Interior designer Jane Rockett, co-founder of homeware brand Rockett St George and author of the interior design book Extraordinary Interiors, shares her modern bathroom ideas, and suggestions for what you can do in a weekend to overhaul your space. A long-standing leader in the field of decorating - more than often with wow-factor and drama - Jane’s tips are all easy to achieve and have the potential to give a tired looking bathroom an instant refresh, just in-time for Spring.
‘Never underestimate the power of a gorgeous bathroom to lift your mood! The bathroom may be one of the more practical spaces in your home, however, that doesn’t mean you can’t be creative and design a unique and beautiful space to enjoy,’ says Jane.
Be bold...and paint the ceiling
Color can change the mood of any space and is a wonderful way to showcase your personality and individual sense of style. Jane explains: ‘Bathrooms can often feel cold and unimaginative in stark white tones, so don’t be afraid to be bold in this space! Smaller rooms such as bathrooms can handle dark color palettes or more vibrant shades with ease and experimenting with your choice of colour here can build your confidence elsewhere’ says Jane.
‘For me, I always think dark and dramatic colours look brilliant in the bathroom. In this bathroom, for example, bold black and cream wallpaper creates a sense of cosiness, luxury and grandeur. Also, by painting the bathroom ceiling in a rich black or deep navy, it creates the feeling of looking up at the night sky, which is not only amazing for enhancing your sense of space but also a clever way to increase relaxation when lying in the bath with a glass of wine!’
Change your taps, change the mood
The best bathroom taps and door handles offer up a great way to instantly transform the feel of a bathroom space, and bring it right up-to-date. ‘Something as simple as updating your taps or door handles to tie together your wallpaper or paint choice can have a huge impact on the cohesive feel of the space’, says Jane.
‘While changing the sink, bath, shower or toilet involves time and money, smaller fixtures such as the taps, towel rails, toilet roll holders, hooks and shelves are much more achievable DIY tasks that can elevate your bathroom to look and feel far more expensive. Here, for example, with a Midas touch, taps elevate a white sink into another level of style’.
Think of storage as decorative in its own right
The best bathroom storage ideas are not only a practical decorating and design feature, but it can be a pretty and aesthetically eye-catching one too. Jane tells us, ‘Once the walls and fixtures and fittings are updated, it’s time to turn your attention to finishing touches. If your bathroom is in need of more storage, wall cabinets are great for decluttering and finding a place for all the everyday essentials that you don’t want on show. Natural woven or striped storage baskets, like this one which has been neatly tucked under the sink, are also incredibly useful as they are one of those practical additions that also look great on show. A stripe storage basket can be attractively hung on a hook on the wall, keeping toiletries and makeup hidden out of sight’.
Extend the feeling of space with a mirror
The fairest design trick of them all? A mirror on the wall. It’s one of the quickest and most effective ways of transforming a bathroom space.
Jane says, ‘although mirrors are essential from a practical perspective, adding a mirror to a small space is the ultimate interior design trick. Especially useful as a small bathroom idea, adding a mirror to the wall helps light reflect around the room to create a brighter and more spacious atmosphere. To maximise all opportunities for storage, lots of mirror designs include dynamic shelf space that can be turned into a gorgeous style spot for your favourite bathroom luxuries’.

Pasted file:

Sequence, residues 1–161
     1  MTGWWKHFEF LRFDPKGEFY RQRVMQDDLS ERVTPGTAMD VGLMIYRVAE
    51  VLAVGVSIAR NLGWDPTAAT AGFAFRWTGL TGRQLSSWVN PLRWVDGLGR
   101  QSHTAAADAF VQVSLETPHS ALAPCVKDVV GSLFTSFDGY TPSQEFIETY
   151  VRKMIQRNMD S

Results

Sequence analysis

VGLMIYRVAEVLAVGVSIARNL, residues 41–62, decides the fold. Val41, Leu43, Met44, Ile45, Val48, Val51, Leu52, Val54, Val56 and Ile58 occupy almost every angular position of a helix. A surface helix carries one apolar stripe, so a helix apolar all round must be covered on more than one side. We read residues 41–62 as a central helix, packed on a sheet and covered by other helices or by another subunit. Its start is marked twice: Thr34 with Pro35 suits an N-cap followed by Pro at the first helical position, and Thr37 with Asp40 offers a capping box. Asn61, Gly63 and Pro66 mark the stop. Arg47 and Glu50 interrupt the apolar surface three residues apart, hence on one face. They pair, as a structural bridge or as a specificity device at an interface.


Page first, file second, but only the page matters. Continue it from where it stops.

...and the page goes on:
Rory Alastair Robertson has a long-standing history working across the interiors industry. Raised in Morningside, Edinburgh, Rory grew up surrounded by classically grand Scottish Georgian and Victorian architecture.
His first appreciation for interior decoration sparked when his mother hired scaffolding and decorated their three-storey Victorian staircase in Farrow & Ball Picture Gallery Red, by herself. She then painstakingly gold leafed the drawing room - by hand - over a base coat of Sudbury Yellow. This was the era of Jocasta Innes and Kenneth Turner, when paint techniques and maximalist style were the decorating raison d'être.
With this inherited gene of creativity, Rory went on to study Interior Architecture at the University of Edinburgh, and later, Theatre Set Design and Architectural Illustration at The Rhode Island School of Design on America's East Coast.
Rory's foray with the editorial world started a decade ago at Livingetc magazine, a title which he regularly contributes to today. Specialising with a deep-seated appreciation for historical homes and interiors, Rory often travels far and wide to be inspired by unique properties with a fascinating history.
If he’s not uncovering an unusual National Trust property in the UK, then he’s seeking out a Neo-Classical clifftop villa in Capri or a Palazzo in Florence.
Based in London’s Shoreditch, working as a Senior Interiors Editor and Consultant, Rory's portfolio of work is a creative melting pot of residential and commercial interior design projects and a plethora of editorial writing work. Rory is also Guest Interiors Lecturer at the prestigious KLC School of Interior Design in Chelsea, London. His most cosseted possession is a ramshackle Citroen Deux Chevaux, which he has reupholstered in Pierre Frey yellow and turquoise silk fabric.
Discover more at roryrobertson.co.uk and @rory_stylist.
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